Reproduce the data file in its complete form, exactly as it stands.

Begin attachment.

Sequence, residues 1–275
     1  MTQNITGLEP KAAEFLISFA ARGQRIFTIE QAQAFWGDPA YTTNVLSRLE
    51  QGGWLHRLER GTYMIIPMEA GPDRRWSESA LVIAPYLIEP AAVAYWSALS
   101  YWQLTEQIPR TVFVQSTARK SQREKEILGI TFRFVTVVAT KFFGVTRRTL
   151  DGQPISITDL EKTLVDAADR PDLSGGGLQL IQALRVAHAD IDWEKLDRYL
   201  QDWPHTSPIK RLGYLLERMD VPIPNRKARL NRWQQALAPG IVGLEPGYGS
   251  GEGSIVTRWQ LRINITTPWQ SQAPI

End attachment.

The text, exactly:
Sequence, residues 1–275
     1  MTQNITGLEP KAAEFLISFA ARGQRIFTIE QAQAFWGDPA YTTNVLSRLE
    51  QGGWLHRLER GTYMIIPMEA GPDRRWSESA LVIAPYLIEP AAVAYWSALS
   101  YWQLTEQIPR TVFVQSTARK SQREKEILGI TFRFVTVVAT KFFGVTRRTL
   151  DGQPISITDL EKTLVDAADR PDLSGGGLQL IQALRVAHAD IDWEKLDRYL
   201  QDWPHTSPIK RLGYLLERMD VPIPNRKARL NRWQQALAPG IVGLEPGYGS
   251  GEGSIVTRWQ LRINITTPWQ SQAPI